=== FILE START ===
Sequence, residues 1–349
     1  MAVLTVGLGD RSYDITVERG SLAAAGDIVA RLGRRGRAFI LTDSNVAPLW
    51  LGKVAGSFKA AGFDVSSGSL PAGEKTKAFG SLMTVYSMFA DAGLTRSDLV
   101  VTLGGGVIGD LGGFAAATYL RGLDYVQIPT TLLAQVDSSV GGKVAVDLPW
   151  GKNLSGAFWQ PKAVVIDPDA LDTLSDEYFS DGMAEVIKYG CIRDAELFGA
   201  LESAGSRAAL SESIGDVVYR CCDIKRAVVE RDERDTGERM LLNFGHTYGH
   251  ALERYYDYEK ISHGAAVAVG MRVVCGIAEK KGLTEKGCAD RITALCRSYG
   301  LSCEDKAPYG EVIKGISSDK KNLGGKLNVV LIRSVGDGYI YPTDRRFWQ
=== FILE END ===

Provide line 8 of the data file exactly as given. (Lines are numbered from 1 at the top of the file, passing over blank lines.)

   301  LSCEDKAPYG EVIKGISSDK KNLGGKLNVV LIRSVGDGYI YPTDRRFWQ